Zero-hours contracts reach record levels
Nearly one million now in place, but think tank finds growth has slowed significantly because of negative publicity
The number of employees on zero-hours contracts (ZHCs) has hit record levels – closing in on the million mark – but the increase in their use has slowed considerably in the past six months.
Analysis of the latest ONS Labour Force Survey figures by the Resolution Foundation revealed an increase of 100,000 between the last three months of 2015 and the same period in 2016, bringing the total number of workers on ZHCs to 910,000.
This represented a 13 per cent rise – up 30 per cent on Q4 of 2014 – but growth over the second half of 2016 was recorded at only 0.8 per cent, or just 7,000 extra people.
Conor D’Arcy, policy analyst at the Resolution Foundation, said that ever since ZHCs hit the headlines their usage had increased sharply every six months. “[But] the latest figures bring this run to an end,” he said.
The think tank cites several reasons for the fall in growth, including public sentiment around companies that are well known for using them. Homebase, Wetherspoons and McDonald’s have all publicly announced they will either be ditching ZHCs or offering their staff the chance to move to fixed-hours contracts. Other organisations may be quietly following suit, said the Resolution Foundation.
“The negative publicity these contracts have attracted may well have played a role in their slowdown, as firms rethink their use,” said D’Arcy. “Not providing guaranteed hours of work for those who want it, especially those in low-paying roles, can have a huge negative impact on the living standards of workers and their families, as budgeting becomes near impossible.”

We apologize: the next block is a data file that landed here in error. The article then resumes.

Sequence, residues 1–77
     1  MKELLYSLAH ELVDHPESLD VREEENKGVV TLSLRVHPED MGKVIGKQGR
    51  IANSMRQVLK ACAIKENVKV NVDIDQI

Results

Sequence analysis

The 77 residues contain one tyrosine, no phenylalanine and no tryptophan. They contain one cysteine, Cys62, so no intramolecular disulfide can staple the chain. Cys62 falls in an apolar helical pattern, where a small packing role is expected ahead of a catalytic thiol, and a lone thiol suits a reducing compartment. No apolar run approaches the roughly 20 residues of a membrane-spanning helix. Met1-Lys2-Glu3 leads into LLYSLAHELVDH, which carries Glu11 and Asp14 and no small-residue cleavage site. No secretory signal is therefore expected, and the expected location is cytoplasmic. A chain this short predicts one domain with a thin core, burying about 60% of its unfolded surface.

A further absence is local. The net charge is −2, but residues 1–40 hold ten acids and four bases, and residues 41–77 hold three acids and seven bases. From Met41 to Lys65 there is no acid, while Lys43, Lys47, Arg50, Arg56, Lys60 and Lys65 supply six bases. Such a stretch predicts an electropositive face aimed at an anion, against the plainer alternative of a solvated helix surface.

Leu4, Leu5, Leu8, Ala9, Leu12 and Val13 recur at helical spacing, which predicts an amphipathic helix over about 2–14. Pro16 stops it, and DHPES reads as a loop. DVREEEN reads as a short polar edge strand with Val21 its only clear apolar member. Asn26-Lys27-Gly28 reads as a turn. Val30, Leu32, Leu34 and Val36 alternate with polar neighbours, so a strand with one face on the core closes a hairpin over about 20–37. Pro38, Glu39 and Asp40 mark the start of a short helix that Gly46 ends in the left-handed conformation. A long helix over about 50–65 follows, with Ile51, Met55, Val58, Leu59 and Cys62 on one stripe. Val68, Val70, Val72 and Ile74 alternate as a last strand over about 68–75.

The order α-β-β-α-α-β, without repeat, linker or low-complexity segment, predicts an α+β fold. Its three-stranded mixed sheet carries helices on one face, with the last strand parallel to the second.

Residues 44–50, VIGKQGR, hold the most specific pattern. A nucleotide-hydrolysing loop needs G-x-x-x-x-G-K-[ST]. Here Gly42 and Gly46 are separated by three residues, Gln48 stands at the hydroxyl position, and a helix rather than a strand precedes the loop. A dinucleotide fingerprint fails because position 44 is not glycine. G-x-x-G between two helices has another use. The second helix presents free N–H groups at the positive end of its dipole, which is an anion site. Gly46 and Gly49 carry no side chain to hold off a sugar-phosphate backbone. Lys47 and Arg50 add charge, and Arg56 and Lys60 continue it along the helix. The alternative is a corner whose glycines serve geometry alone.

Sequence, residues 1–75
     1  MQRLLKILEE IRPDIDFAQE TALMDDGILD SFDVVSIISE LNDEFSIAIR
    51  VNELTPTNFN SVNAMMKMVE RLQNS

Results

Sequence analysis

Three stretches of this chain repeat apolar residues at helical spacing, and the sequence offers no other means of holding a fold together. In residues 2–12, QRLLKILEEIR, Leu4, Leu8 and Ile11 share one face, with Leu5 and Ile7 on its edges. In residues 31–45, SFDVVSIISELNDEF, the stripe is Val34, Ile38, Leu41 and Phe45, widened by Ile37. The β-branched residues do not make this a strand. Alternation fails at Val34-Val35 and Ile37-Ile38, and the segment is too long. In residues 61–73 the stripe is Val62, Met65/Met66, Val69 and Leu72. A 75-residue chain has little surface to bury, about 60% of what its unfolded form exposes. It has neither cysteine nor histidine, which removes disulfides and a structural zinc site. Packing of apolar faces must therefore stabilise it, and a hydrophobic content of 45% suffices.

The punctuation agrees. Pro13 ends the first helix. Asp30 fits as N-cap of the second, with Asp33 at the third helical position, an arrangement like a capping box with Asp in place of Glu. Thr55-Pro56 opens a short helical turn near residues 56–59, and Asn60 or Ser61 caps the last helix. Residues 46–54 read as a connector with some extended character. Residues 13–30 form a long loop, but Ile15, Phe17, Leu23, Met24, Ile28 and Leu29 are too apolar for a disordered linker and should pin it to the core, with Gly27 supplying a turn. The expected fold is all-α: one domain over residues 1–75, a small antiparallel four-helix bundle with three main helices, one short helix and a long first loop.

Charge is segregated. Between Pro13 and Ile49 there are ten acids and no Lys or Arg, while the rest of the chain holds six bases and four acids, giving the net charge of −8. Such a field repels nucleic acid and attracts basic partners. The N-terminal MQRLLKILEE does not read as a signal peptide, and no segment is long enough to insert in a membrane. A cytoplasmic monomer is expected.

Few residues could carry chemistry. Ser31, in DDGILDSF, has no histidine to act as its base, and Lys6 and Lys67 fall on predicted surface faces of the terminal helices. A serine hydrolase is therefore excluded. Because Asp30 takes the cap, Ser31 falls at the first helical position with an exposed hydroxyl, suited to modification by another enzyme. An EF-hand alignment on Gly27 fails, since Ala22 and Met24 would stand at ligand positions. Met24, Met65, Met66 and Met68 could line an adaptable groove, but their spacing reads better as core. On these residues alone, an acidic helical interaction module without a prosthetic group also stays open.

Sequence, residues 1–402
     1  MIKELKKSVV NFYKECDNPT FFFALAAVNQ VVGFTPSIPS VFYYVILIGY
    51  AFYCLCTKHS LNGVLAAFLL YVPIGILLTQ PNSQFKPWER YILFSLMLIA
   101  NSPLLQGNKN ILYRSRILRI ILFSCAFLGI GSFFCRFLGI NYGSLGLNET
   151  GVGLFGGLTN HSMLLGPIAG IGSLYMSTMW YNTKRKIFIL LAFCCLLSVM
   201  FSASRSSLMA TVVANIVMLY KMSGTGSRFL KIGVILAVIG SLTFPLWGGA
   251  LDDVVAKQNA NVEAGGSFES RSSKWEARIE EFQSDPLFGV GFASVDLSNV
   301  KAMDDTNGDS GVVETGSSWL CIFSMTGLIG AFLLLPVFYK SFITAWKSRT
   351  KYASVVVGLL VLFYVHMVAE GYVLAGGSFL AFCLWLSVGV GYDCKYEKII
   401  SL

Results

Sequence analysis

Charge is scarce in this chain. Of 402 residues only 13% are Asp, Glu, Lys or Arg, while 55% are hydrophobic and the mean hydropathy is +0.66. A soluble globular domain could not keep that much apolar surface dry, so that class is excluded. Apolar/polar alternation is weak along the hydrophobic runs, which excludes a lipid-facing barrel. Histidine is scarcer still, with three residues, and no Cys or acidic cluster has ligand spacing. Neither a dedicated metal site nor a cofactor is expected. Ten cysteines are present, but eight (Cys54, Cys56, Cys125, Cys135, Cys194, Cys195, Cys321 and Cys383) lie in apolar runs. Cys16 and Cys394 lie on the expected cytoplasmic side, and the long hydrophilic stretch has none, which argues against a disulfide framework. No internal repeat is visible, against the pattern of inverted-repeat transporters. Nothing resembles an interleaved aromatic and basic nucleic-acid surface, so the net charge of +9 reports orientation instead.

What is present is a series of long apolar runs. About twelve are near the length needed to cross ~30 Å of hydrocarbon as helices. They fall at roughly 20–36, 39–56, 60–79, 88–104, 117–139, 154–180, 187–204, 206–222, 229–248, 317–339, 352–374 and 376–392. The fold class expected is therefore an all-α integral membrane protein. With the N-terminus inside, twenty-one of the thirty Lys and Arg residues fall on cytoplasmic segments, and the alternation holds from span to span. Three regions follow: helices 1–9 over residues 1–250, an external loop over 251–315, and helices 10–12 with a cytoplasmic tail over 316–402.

But proving that employers are moving away from ZHCs because of public opinion would be difficult, said Ian Brinkley, acting chief economist at the CIPD. “I suspect we may be seeing the first signs of a wane in corporate enthusiasm for these types of contract,” he said.
The record rate of employment is also thought to be a factor, especially as organisations may be cautious about a lack of labour supply after Brexit, and may be finding it harder to fill roles without guaranteeing hours. The Resolution Foundation also said the initial rapid rise in the reported number of workers on ZHCs in 2012 was driven by an increase in awareness of the contracts use. Most workers on ZHCs are likely to be aware that their contracts are of this nature.
The Resolution Foundation’s analysis shows that 46 per cent of the net increase in ZHCs in the past year has been among workers aged between 55 and 64 – possibly because they offer a more flexible transition from full-time work to retirement. This echoes CIPD analysis of growth in other forms of atypical employment among older workers, said Brinkley. He added that further growth in this area was a high possibility resulting from an ageing workforce – although the increase in ZHCs is being seen at both ends of the age spectrum.
Source: CIPD 03.03.17